Join Justin Seeley for an in-depth discussion in this video Touring the GIMP interface, part of GIMP Essential Training.
When you first launch the GIMP application, you should see something similar to what I'm showing you here on my screen. GIMP automatically opens up in what I call an exploded view, where everything is just sort of unattached, and spread all over the place. You'll have your tools, most likely, on the left, you'll have a document window somewhere in the middle, and then all of your panels will be scattered somewhere on the right. If you're using two monitors, your panels may actually be over on your separate monitor, so if you don't see your panels automatically over here on the right-hand side, check your extra monitor, and drag them back over.
If you would like for all of this to be consolidated into one single window, you can do that fairly easily by enabling something called Single Window mode, which I'll get to just a moment. But for now, let's take a tour of the default GIMP interface, just to get you familiar with what everything is, and how to find it as we go throughout this course. I am going to start at the top, and work my way down. You'll notice at the top here, I have several menu items to select from. So if at any point in the course you hear me say let's go to the Select menu, I am talking about going to the word Select, clicking on it, and finding the command that I'm talking about.
You have a File menu, an Edit menu, a Select menu, a View menu, an Image menu, Layer, Colors, Tools, Filters, Windows, and of course, Help. Any time in this menu structure if you see a black triangle out to the right-hand side, that means there is a submenu associated with it, and you can go find extra tools or commands associated with that topic. If I click away from that, it will close those menus. Over here on the left-hand side, we have all of the tools in GIMP. Now, I am going to cover the tools in their own specific movie a little bit later on, so don't worry about that right now. Just know that this is where you find all of the tools that you'll be using inside of GIMP.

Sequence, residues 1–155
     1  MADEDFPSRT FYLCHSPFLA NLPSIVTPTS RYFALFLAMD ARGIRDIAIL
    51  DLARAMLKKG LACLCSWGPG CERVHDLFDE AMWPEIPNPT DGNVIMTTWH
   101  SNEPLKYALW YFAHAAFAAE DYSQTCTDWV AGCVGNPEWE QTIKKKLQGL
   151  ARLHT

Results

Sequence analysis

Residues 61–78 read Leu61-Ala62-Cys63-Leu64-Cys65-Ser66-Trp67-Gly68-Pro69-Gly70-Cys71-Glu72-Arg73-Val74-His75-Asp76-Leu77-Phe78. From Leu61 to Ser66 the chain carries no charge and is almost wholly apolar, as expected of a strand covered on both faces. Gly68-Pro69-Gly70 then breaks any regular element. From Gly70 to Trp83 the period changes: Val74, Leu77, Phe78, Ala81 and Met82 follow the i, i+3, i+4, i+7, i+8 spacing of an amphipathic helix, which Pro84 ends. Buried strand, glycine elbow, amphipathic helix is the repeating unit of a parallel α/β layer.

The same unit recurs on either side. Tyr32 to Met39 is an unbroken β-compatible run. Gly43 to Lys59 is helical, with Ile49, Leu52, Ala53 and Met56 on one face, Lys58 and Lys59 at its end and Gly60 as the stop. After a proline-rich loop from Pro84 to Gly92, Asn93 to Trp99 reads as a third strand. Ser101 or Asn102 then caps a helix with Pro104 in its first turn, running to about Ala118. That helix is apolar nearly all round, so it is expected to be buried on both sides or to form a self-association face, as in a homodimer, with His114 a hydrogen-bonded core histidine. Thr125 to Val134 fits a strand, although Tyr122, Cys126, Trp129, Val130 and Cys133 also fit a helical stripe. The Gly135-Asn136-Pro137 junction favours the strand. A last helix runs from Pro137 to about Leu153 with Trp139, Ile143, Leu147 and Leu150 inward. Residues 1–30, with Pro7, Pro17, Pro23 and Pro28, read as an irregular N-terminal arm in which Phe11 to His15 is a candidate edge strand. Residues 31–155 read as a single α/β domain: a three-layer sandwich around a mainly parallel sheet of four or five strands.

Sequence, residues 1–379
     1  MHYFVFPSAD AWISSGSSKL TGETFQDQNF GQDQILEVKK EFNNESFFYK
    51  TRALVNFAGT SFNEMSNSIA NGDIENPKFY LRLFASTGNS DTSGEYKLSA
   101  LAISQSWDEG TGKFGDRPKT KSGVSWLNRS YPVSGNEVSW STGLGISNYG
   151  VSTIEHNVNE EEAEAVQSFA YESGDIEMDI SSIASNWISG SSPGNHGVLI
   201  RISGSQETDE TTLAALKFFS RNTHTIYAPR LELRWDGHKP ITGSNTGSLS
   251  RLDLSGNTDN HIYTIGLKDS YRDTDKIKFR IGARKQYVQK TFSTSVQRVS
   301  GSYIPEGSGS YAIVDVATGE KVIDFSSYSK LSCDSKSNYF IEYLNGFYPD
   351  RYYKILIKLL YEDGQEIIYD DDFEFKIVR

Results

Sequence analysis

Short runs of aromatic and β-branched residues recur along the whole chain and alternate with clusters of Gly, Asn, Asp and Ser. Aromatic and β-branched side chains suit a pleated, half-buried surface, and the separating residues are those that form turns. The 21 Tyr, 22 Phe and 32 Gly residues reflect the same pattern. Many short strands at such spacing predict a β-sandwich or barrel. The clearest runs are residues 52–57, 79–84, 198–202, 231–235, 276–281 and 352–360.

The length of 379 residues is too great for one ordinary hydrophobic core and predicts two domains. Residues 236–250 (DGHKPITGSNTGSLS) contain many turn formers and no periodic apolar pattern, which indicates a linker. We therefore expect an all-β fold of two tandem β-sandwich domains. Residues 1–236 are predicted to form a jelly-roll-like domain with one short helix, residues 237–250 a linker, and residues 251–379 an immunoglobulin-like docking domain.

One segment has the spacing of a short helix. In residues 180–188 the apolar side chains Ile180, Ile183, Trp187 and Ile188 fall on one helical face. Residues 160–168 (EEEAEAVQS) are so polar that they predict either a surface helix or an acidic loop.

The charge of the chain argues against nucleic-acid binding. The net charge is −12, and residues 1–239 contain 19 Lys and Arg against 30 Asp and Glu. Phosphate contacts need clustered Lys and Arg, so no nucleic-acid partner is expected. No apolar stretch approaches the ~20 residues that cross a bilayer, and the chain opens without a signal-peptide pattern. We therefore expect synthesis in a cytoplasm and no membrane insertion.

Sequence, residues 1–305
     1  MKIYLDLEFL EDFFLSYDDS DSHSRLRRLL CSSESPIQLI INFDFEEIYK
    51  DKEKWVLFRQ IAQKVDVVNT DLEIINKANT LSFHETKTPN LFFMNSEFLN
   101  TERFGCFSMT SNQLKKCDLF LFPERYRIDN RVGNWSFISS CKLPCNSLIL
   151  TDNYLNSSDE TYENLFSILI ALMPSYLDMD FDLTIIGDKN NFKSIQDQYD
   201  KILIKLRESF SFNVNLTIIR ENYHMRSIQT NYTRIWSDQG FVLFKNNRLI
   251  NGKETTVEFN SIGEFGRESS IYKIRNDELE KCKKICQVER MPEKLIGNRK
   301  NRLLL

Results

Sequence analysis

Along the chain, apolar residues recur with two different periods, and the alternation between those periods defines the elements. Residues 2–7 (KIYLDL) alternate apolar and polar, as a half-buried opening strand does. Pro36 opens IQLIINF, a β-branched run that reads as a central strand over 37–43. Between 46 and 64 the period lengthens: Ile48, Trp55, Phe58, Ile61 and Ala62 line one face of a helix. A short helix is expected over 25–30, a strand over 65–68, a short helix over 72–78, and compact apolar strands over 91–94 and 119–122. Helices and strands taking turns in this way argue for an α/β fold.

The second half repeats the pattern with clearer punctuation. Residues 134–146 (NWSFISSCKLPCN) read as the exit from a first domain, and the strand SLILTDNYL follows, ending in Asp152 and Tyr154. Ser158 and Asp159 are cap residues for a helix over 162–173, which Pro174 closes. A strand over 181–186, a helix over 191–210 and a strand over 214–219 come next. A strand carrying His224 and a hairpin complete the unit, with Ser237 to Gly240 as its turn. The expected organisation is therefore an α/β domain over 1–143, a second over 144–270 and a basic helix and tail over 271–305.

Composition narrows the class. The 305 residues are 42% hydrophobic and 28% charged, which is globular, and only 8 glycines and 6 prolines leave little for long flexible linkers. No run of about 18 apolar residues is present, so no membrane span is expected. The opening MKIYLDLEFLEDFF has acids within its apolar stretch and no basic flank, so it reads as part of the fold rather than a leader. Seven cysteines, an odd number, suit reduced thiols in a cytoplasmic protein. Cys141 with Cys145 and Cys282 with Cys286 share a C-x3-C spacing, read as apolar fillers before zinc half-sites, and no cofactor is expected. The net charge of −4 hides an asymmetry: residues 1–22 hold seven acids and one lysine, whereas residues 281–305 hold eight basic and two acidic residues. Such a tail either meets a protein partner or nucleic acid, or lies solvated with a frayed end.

At the bottom of that, you have some color controls. You've also got some access to your airbrush settings down here. Any time you see a panel that has scrollbars like this, just click and drag them to navigate your way around inside of that panel. You can also click and drag this way to go side to side. And if you can't see all of the panel, you can try maximizing it like this, and then just resizing from the side, like that, so you can see everything. So at the bottom here, we have buttons that correspond to saving tool presets, restoring tool presets, deleting them, and also resetting all the default values.
So if you wanted to manipulate the GIMP toolbar to be smaller, or taller, or whatever you wanted it to be, you could simply click and drag that around, just like so. On the right-hand side, you've got access to all of your panels, and the panel system in GIMP is actually pretty well done. You've got access to things like Layers, Channels, Paths, and Undo History. And you'll notice that as I switch between these, just by clicking on the tabs, that the options associated with those switch at the bottom as well. So the Layers is completely different from, say, Undo History. There's only three options for History, and there are several available for Layers.